Microsoft Teams now has over 270 million monthly active users, 20 million more monthly users than six months ago

Microsoft’s Teams communications and collaboration platform surpassed 270 million monthly active users in the quarter ending December, continuing to add users but at a much slower pace than in the early months of the pandemic.

Satya Nadella, the CEO of Microsoft, revealed this stat in conjunction with the company’s quarterly results. This number represents an increase of 20 million monthly active users from the 250 million reported by Microsoft six months ago, in July 2021, the month in which Microsoft told investors: Teams continues to fuel hybrid working, with nearly 250 million monthly active users benefiting from improved collaboration features, extensibility and deeper integration with Dynamics 365.

Prior to this, the company used the daily active users metric, so the numbers aren’t directly comparable, but they do show how growth has slowed. Monthly numbers are more forgiving because users don’t need to use the product as frequently to move the curve. In daily active users, Teams has grown from 75 million in April 2020 to 115 million in October 2020 145 million in April 2021.

At the end of last year, Microsoft shared documents with the SEC, the US federal regulator and supervisor of the financial markets, where it indicated to investors that the growth of Teams could slow. For some observers, this is also the reason why the company decided at that time to change its presentation of Teams usage figures (in particular by moving from daily active users to monthly active users).

Teams competes with services such as Slack, acquired by Salesforce last year for $27.7 billion, and the widely used Zoom video conferencing service. Microsoft launched a standalone version of Teams for small businesses in December, separate from other Office apps and services, posing a more direct threat to Zoom.

Nadella said on the earnings call that monthly usage of third-party apps and custom solutions in Teams has increased tenfold over the past two years, proof of how companies are using Teams in a way that is at heart of their work. He cited new and updated Teams apps from Atlassian,, SAP and Workday.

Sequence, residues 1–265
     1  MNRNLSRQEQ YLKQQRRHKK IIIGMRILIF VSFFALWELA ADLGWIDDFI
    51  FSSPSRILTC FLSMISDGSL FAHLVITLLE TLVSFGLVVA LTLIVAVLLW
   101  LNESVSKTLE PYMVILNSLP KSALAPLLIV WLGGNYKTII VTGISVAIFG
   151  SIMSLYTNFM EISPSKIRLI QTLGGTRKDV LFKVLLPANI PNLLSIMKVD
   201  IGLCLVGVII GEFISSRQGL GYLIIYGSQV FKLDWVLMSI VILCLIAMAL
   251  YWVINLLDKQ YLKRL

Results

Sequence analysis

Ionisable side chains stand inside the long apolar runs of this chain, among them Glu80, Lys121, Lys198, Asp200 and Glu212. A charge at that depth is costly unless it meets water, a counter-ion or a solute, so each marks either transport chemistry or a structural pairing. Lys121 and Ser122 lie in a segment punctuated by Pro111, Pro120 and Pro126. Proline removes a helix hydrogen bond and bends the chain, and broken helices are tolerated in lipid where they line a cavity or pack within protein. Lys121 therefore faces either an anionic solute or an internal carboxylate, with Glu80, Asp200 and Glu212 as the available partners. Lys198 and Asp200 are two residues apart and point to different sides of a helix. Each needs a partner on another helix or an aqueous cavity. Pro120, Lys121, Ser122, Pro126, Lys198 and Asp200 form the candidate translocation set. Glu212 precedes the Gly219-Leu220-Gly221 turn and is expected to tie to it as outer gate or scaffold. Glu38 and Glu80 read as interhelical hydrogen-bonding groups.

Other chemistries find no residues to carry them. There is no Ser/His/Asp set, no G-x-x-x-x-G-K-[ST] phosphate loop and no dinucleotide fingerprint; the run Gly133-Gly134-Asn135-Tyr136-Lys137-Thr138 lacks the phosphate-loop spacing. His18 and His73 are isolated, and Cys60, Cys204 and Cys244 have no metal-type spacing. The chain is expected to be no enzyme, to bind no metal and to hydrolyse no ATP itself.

A strategy to incentivize usage inside and outside the corporate sphere

To help expand Teams beyond its established commercial base, Microsoft has strategically chosen to add more consumer-oriented features to its product.

Integration in Windows 11

Along these lines, Microsoft set out to roll out Teams integration for a group of Insiders on Windows 11 last July. The integration of Microsoft Teams into Windows 11 was one of the major feature announcements for the operating system. Once complete, it should allow you to communicate/collaborate with friends, family, and co-workers right from the taskbar. The integration works through the combination of two elements: a graphical chat interface integrated into the taskbar and a new lightweight Teams client powered by WebView2. The latter allows you to integrate web technologies (HTML, CSS and JavaScript) into your native applications.

Here are some points highlighted by the company:

  • Your friends and family at your fingertips: When you want to contact someone, just click on the “Chat” icon in the taskbar (or WIN + C for keyboard shortcut lovers). You’ll see your most recent individual and group conversations and can reply to them or start a new conversation or call. Just like in the Start menu, you can open the “Chat” window at any time, regardless of what other windows are open, to start a communication.
  • Notifications with online responses: Microsoft said that when other people contact you, you’ll get “great” notifications natively, and you can even reply to text conversations directly inline. You can accept or decline calls directly from notifications and decide if you want to take them in audio only or in video as well.
  • Adding contacts via email or phone number: You won’t need to ask your friends and family for special codes to connect with them. Just send a message to their email address or phone number and, if they’re not already using Teams, they’ll receive your message via email or text. The message will be accompanied by an invitation to join the Teams network if they wish.
  • Automatic synchronization of existing contacts: If you’ve used Skype or Outlook for personal communications with your Microsoft account in the past, you’ll have the option to sync those contacts to start using them from day one. You can also sync contacts from your mobile device by installing the Teams mobile app and enabling contact syncing, which will save you time.

End-to-end encryption